McDonald’s delivers holiday traditions to RMHC

The QSR's McDelivery service helped to reunite families whose children are undergoing treatment over the holidays.


This year, McDonald’s Canada used its McDelivery service to deliver the “gift of family.”

The QSR chain worked with Ronald McDonald House Charities (RMHC), which houses families with children affected by serious illness while they undergo treatment in hospitals far from home, to reunite two families staying at the Ronald McDonald House in London, Ontario, over the holidays.

A campaign telling each family’s story is appearing on Facebook, Instagram, Twitter and Spotify, starting today. Led by Cossette, McDonald’s Canada’s AOR, the videos show the two RMHC families reuniting with their loved ones and carrying out their usual family traditions thanks to the support of McDelivery.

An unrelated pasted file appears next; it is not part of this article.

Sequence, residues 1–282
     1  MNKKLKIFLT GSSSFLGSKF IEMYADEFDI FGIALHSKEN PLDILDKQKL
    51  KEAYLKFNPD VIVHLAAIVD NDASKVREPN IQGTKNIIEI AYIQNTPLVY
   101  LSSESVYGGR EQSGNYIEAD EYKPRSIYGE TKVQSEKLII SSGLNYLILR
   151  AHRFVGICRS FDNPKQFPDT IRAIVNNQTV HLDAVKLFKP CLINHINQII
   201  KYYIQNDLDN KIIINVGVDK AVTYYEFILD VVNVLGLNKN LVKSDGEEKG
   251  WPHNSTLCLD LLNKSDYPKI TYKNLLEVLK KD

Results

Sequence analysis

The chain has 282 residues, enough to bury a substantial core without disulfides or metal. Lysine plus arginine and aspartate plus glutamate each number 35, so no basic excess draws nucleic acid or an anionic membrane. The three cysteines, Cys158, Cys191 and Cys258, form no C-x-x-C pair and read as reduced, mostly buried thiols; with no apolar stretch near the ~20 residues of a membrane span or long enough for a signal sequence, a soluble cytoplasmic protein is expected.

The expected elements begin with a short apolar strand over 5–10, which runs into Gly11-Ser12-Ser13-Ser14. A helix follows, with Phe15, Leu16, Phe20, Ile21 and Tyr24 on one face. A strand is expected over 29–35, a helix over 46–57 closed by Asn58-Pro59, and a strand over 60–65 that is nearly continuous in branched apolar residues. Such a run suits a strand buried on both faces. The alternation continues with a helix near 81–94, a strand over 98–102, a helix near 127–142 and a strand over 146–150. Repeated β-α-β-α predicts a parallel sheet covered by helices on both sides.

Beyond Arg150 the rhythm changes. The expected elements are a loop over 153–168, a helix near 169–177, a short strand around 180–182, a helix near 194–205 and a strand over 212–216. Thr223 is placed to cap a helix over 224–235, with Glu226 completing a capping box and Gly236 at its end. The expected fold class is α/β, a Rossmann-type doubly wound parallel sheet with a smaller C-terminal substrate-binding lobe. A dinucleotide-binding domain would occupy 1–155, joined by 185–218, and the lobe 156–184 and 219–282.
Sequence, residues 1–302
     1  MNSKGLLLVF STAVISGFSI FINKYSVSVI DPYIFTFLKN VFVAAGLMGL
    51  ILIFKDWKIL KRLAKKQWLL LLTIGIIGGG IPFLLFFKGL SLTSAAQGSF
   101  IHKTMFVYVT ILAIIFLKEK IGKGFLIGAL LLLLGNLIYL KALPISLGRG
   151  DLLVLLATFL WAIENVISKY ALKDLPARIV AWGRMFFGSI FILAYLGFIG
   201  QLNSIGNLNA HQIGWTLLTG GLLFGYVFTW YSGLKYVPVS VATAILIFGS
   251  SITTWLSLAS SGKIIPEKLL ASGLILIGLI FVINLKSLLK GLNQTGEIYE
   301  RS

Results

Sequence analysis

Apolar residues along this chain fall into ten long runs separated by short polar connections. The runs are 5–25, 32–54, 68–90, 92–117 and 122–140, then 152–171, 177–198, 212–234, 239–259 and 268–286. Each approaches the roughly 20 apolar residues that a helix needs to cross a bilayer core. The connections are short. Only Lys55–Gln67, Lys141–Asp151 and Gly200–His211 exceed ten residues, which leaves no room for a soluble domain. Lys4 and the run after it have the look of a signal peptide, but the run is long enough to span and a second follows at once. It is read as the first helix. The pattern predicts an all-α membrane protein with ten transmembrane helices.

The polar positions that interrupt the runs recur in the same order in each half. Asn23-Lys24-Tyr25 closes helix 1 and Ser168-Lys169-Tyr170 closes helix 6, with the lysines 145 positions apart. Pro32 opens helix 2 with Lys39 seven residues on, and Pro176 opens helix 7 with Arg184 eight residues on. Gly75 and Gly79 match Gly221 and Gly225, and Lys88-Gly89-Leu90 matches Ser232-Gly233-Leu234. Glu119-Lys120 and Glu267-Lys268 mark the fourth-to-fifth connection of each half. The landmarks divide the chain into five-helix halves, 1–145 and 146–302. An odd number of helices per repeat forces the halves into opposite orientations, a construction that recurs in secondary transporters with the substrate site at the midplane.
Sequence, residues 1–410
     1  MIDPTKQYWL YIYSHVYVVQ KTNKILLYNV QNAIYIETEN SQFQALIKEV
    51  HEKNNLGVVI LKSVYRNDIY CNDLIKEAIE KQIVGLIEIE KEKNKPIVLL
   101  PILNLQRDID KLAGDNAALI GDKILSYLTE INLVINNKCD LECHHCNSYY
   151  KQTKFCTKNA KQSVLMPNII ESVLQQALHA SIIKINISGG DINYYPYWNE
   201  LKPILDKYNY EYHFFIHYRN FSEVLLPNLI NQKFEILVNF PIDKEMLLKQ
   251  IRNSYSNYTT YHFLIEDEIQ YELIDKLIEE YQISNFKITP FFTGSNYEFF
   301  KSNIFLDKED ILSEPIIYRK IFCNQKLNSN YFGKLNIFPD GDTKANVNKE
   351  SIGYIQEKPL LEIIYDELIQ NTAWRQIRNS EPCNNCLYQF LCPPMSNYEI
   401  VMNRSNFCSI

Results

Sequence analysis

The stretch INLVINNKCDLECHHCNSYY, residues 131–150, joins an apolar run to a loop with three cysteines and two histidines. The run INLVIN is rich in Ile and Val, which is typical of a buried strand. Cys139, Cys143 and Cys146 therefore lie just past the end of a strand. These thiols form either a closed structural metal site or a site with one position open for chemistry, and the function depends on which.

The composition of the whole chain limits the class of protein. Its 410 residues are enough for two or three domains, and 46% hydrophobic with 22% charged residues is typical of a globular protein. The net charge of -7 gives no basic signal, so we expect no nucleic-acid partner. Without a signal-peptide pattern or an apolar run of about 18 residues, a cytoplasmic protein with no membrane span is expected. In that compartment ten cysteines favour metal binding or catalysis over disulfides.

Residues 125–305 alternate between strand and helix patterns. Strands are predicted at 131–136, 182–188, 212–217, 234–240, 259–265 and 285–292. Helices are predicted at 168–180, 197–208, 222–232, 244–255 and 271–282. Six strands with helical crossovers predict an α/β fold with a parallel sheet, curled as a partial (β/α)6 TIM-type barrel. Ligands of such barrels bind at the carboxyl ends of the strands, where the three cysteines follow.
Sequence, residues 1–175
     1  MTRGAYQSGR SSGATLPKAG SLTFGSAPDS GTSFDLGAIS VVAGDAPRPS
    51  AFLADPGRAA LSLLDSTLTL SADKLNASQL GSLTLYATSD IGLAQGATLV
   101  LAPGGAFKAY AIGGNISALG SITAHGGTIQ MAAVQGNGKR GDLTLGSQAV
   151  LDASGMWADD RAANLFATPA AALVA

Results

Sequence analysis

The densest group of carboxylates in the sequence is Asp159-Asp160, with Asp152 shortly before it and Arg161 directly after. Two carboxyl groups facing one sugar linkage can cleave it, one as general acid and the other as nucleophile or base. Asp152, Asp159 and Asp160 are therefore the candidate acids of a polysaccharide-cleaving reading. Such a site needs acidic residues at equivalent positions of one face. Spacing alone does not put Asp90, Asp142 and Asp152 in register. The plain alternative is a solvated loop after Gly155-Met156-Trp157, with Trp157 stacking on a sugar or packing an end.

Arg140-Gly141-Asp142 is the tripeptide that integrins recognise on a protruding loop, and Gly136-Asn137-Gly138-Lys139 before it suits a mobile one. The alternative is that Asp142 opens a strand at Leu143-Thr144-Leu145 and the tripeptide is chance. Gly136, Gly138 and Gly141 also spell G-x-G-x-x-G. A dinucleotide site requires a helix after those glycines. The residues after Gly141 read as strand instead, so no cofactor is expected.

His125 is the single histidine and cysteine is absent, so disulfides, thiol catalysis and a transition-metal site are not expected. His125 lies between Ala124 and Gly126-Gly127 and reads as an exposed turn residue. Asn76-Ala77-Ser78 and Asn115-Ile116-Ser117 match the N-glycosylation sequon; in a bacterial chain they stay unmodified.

Cathy Loblaw, president and CEO of RMHC, says the organization wanted to create more awareness of what it means for families with a sick child to stay together as a family during the holidays. This is something RMHC helps make possible by providing families with somewhere to stay, creating a sense of normalcy for the children during what is often a challenging time, she says.

McDonald’s estimates that 65% of Canadian families live outside a city with a children’s hospital and must travel for treatment if their child is seriously ill. And last year, through its 15 Ronald McDonald Houses and 17 RMH family rooms, the organizations helped more than 25,000 families across Canada.

In addition to bringing back an appreciation campaign first launched in 2015, RMHC worked with Google and Toronto Raptors player Pascal Siakam this year to showcase the tech company’s charitable side. And earlier this month, as part of its ongoing “Christmas Miracle” work, WestJet asked Canadians to consider donating their gifts to families at Ronald McDonald House.

The goal of this particular effort, Loblaw says, was to “make our families time of healing a little brighter and more joyful during the holiday season, while sharing with Canadians what it means to be away from home with a sick child and the importance of keeping families close.”